Tuesday, March 27, 2012

Love and Theft - Bob Dylan



"Love and Theft"

"Love and Theft" is the 31st studio album by Bob Dylan, released by Columbia Records on September 11, 2001. It featured backing by his touring band of the time, with keyboardist Augie Meyers added for the sessions. It peaked at #5 on the Billboard 200, and has been certified with a gold album by the RIAA. A limited edition release included two bonus tracks on a separate disc recorded in the early 1960s, and two years later, on September 16, 2003, this album was one of fifteen Dylan titles reissued and remastered for SACD hybrid playback.

The album continued Dylan's artistic comeback following 1997's Time Out of Mind, and was given an even more enthusiastic reception. Though often referred to without quotations, the correct title is "Love and Theft". The title of the album was apparently inspired by historian Eric Lott's book Love & Theft: Blackface Minstrelsy and the American Working Class, which was published in 1993. "Love and Theft becomes his Fables of the Reconstruction, to borrow an R.E.M. album title", writes Greg Kot in The Chicago Tribune (published September 11, 2001), "the myths, mysteries and folklore of the South as a backdrop for one of the finest roots-rock albums ever made."
The opening track, "'Tweedle Dee & Tweedle Dum', includes many references to parades in Mardi Gras in New Orleans, where participants are masked, and "determined to go all the way" of the parade route, in spite of being intoxicated. "It rolls in like a storm, drums galloping over the horizon into ear shot, guitar riffs slicing with terse dexterity while a tale about a pair of vagabonds unfolds," writes Kot. "It ends in death, and sets the stage for an album populated by rogues, con men, outcasts, gamblers, gunfighters and desperados, many of them with nothing to lose, some of them out of their minds, all of them quintessentially American.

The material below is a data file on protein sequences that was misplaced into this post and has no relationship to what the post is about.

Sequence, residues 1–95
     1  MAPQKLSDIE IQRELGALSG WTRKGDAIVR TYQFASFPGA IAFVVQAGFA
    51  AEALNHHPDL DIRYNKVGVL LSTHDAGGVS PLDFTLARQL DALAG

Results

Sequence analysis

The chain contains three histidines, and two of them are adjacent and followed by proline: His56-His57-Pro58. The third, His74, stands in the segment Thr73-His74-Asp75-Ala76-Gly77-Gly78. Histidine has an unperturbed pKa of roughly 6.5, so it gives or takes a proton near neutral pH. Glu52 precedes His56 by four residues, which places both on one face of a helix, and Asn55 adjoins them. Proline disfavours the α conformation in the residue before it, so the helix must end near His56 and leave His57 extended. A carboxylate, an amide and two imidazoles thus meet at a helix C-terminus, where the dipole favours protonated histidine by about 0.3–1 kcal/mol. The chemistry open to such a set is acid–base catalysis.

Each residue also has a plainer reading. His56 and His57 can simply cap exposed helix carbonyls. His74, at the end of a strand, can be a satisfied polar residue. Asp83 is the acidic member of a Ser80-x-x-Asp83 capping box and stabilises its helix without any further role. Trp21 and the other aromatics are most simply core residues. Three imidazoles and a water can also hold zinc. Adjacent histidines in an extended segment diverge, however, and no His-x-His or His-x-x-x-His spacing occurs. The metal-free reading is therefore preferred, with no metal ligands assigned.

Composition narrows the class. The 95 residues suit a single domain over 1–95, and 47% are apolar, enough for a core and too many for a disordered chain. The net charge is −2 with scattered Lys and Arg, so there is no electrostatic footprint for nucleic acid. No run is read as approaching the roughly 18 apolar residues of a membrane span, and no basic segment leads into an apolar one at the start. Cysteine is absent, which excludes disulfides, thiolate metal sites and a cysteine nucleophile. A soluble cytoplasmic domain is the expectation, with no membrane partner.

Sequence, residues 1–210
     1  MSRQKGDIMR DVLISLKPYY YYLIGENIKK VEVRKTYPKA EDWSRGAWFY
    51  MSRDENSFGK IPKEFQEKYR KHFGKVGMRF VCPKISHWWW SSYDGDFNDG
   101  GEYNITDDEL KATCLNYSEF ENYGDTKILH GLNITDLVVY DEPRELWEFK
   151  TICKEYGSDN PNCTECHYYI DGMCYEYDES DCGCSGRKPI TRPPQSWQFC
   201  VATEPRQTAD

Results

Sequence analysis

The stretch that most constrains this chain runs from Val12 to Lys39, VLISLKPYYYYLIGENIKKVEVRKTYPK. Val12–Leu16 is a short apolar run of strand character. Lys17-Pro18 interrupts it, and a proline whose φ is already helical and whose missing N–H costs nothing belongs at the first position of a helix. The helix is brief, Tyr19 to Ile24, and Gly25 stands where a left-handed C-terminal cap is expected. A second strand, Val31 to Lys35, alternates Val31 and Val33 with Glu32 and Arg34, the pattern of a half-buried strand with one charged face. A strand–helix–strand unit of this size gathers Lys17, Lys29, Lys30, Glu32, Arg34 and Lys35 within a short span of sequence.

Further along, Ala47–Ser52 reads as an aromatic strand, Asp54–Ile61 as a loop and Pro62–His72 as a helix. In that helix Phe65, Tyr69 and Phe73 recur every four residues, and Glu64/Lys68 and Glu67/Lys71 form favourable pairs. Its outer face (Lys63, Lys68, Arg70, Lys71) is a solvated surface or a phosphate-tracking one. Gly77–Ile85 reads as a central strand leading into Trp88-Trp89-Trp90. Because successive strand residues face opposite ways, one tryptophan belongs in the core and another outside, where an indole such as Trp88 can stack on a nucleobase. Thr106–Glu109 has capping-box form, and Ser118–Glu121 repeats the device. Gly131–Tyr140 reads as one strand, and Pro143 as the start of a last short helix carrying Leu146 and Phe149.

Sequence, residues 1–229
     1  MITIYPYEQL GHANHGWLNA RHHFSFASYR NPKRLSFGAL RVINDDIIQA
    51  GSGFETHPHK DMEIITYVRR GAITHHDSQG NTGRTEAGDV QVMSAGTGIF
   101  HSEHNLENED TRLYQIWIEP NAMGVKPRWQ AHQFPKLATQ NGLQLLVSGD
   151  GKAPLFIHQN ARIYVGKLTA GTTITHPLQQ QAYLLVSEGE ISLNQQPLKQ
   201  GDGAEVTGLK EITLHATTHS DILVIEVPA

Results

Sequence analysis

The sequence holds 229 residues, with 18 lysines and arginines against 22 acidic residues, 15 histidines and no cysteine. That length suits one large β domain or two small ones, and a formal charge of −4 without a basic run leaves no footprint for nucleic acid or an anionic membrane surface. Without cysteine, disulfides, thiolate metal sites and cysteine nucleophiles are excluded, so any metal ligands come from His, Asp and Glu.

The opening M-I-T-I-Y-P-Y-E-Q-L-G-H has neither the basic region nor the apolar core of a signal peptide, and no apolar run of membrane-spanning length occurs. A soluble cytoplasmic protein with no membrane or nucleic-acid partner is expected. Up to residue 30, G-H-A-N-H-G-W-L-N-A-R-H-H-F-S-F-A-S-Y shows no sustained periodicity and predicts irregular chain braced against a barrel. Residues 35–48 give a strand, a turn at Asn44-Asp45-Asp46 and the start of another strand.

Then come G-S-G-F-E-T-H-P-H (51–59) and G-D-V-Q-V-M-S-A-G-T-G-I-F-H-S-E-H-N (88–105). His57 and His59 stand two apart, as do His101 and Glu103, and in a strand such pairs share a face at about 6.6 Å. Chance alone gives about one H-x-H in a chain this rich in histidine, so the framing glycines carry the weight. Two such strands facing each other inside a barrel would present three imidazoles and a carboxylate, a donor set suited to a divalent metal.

"They're the kind of twisted, instantly memorable characters one meets in John Ford's westerns, Jack Kerouac's road novels, but, most of all, in the blues and country songs of the 1920s, '30s and '40s. This is a tour of American music—jump blues, slow blues, rockabilly, Tin Pan Alley ballads, country swing—that evokes the sprawl, fatalism and subversive humor of Dylan's sacred text, Harry Smith's Anthology of American Folk Music, the pre-rock voicings of Hank Williams, Charley Patton and Johnnie Ray, among others, and the ultradry humor of Groucho Marx."
Offered the song by Dylan, Sheryl Crow later recorded an up-tempo cover of "Mississippi" for her The Globe Sessions, released in 1998, before Dylan revisited it for Love and Theft. Subsequently the Dixie Chicks made it a mainstay of their Top of the World, Vote for Change, and Accidents & Accusations Tours.
As Tim Riley of NPR notes, "[Dylan's] singing [on Love and Theft] shifts artfully between humble and ironic...'I'm not quite as cool or forgiving as I sound,' he sings in 'Floater,' which is either hilarious or horrifying, and probably a little of both."
"Love and Theft is, as the title implies, a kind of homage," writes Kot, "[and] never more so than on 'High Water (for Charley Patton),' in which Dylan draws a sweeping portrait of the South's racial history, with the unsung blues singer as a symbol of the region's cultural richness and ingrained social cruelties. Rumbling drums and moaning backing vocals suggest that things are going from bad to worse. 'It's tough out there,' Dylan rasps. 'High water everywhere.' Death and dementia shadow the album, tempered by tenderness and wicked gallows humor."
"'Po Boy', scored for banjo with lounge chord jazz patterns, 'almost sounds as if it could have been recorded around 1920," says Riley. "He leaves you dangling at the end of each bridge, lets the band punctuate the trail of words he's squeezed into his lines, which gives it a reluctant soft-shoe charm."
The album closes with "Sugar Baby", a lengthy, dirge-like ballad, noted for its evocative, apocalyptic imagery and sparse production drenched in echo. Praising it as "a finale to be proud of," Riley notes that "Sugar Baby" is "built on a disarmingly simple riff that turns foreboding."

No. Title Length
1. "Tweedle Dee & Tweedle Dum" 4:46
2. "Mississippi" 5:21
3. "Summer Days" 4:52
4. "Bye and Bye" 3:16
5. "Lonesome Day Blues" 6:05
6. "Floater (Too Much to Ask)" 4:59
7. "High Water (For Charley Patton)" 4:04
8. "Moonlight" 3:23
9. "Honest With Me" 5:49
10. "Po' Boy" 3:05
11. "Cry a While" 5:05
12. "Sugar Baby" 6:40
Total length:
57:25

Bob Dylan – vocals, guitar, piano, producer
Larry Campbell – guitar, banjo, mandolin, violin
Charlie Sexton – guitar
Augie Meyers – accordion, Hammond B3 organ, Vox organ
Tony Garnier – bass
David Kemper – drums
Clay Meyers – bongos
Chris Shaw – recording engineer

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